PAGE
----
As a citizen, Lloyd Smith early exhibited a deep concern in the affairs of his adopted county, becoming thoroughly identified with its people and their interests. A public-spirited and intensely loyal citizen, his political convictions were deep and earnest, and his patriotic impulses wise, pure and generous. In politics he was an ardent Democrat, and yet he never strove for political preferment, ever placing his party's success above his own, fervently believing that its welfare was equivalent to that of the State. For fourteen years he served continuously as a member of the Democratic State Central Committee, and for most of that period and up to the close of his life, he was the efficient chairman of his party in the First Congressional District. It may be said of him in this connection, that no man ever performed more arduous, faithful and wisely directed party service, and none ever deserved more, or asked less at its hands. For many years his commanding figure was conspicuous in every State convention of his party, and in every hard fought political contest, within the past quarter of a century, his voice was heard upon the hustings in eloquent and powerful advocacy of its principles. He was an influential member of the National Democratic Convention which assembled in the city of Chicago in 1892, and which nominated Cleveland and Stevenson as its Presidential candidates. Amidst the duties of a large and exacting law practice, as well as other activities in which he was frequently engaged, he devoted much time to the subject of education, serving with conspicuous ability for a number of years as a member of the Board of Visitors to the Virginia Military Institute.

But it was as a lawyer that Lloyd Smith was widest known and achieved his greatest successes. As such he stood in the foremost rank of a profession which he greatly loved, and which by him was both honored and adorned. No lawyer ever strove more earnestly to maintain the high dignity of his profession, and none ever lived who was more faithful to its noblest traditions, or who more scrupulously observed its ethics. A perfect courtesy ever marked his bearing to both Bar and Bench. He possessed an extensive knowledge of the law and had acquired in an eminent degree the ability to bring that knowledge to bear, with the well disciplined force of a matured intellect, upon the most intricate and difficult of legal problems. In the preparation of his cases he was careful, diligent and most painstaking. He was moreover an eloquent and forceful advocate, and the charm of his masterful arguments was greatly enhanced by his handsome presence and a voice of great power, clearness and sweetness. His mind was distinctly logical; his reasoning strong, clear and convincing, and withal he possessed the rare gift of perspicuous, luminous expression. But he was much more than a well-read, well-equipped and thoroughly trained lawyer; he was a powerful advocate whose forensic triumphs imparted lustre to the legal profession, and a wise and safe counsellor in whom his large clientage unfailingly reposed confidence.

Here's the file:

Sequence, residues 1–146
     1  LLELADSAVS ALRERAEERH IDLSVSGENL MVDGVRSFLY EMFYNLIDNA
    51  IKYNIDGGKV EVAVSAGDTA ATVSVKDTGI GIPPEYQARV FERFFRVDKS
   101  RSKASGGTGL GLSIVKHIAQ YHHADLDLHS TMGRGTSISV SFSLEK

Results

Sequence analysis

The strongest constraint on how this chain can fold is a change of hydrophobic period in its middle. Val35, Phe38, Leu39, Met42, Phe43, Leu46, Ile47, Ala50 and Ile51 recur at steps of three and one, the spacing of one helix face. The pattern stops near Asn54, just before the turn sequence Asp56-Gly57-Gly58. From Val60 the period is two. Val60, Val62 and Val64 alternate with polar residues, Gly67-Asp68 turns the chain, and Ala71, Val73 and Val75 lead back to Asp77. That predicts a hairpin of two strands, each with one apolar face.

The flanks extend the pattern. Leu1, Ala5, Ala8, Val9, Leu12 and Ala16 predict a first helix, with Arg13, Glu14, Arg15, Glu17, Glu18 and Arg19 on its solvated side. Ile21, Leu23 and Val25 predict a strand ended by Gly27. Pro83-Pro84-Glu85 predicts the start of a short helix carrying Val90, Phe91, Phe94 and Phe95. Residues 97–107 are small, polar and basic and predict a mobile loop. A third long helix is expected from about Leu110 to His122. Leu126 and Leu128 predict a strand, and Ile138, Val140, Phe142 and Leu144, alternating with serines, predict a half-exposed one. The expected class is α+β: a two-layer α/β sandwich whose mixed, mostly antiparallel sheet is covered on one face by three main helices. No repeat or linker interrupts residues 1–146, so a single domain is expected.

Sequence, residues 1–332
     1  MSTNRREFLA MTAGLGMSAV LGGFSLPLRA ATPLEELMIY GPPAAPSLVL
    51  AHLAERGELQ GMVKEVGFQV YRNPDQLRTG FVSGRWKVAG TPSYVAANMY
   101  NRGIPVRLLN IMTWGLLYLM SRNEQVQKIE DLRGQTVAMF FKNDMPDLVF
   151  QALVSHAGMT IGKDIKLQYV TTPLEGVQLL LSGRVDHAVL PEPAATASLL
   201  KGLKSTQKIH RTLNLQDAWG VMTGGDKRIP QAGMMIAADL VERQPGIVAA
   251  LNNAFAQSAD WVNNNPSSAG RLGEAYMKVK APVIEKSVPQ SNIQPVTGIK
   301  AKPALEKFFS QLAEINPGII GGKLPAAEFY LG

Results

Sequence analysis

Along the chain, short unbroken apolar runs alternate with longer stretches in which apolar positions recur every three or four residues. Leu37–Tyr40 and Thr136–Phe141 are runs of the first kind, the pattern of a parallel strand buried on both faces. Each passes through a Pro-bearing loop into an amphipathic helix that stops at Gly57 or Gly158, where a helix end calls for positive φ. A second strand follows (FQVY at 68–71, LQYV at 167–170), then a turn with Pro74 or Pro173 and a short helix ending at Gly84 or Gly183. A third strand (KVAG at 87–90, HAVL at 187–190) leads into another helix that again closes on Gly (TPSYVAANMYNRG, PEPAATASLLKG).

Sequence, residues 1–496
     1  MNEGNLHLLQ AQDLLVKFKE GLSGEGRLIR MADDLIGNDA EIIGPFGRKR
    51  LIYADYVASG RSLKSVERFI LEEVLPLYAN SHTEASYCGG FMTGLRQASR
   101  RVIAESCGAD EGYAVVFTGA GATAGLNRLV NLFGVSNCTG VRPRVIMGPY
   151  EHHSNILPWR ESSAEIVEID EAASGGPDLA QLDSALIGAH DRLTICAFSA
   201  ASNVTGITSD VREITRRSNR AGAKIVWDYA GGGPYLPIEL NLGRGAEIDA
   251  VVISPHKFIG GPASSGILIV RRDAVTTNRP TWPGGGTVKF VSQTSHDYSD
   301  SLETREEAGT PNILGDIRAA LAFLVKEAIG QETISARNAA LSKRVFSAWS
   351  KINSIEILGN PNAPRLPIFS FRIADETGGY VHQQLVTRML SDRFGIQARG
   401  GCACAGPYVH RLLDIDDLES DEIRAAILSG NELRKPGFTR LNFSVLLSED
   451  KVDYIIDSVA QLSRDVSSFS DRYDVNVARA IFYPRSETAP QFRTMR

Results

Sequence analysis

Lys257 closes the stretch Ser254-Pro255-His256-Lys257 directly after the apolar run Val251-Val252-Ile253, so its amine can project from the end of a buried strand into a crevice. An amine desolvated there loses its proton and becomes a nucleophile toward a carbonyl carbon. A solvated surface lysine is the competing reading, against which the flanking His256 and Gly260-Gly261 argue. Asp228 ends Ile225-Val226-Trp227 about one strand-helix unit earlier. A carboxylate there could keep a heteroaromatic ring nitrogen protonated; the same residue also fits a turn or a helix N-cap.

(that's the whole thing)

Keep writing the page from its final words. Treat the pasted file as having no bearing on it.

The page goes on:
His whole life was singularly pure and beautiful, his character stainless and his reputation without spot or blemish. At all the courts at which he practiced for almost a generation there was no member of the Bar more universally admired, more highly esteemed and more genuinely beloved. His nature was as gentle as that of a woman, his heart as pure as the unsunned

His reverence for all that was pure and true and noble and good was fervent; his faith sublime and his hope serene. The love he bore the faithful companion who shared for so many years his joys and his sorrows, his triumphs and his disappointments, who tenderly and faithfully ministered to him during the period of his declining health, and who yet survives him, was inexpressibly beautiful. He was the idol of his children and they the precious jewels which crowned his lifea life of rare beauty and exceptional loftiness. Surely the widespread results of a pure and noble life, such as that of Lloyd Thomas Smith, are imperishable.

snow.

Wm. A. JONES.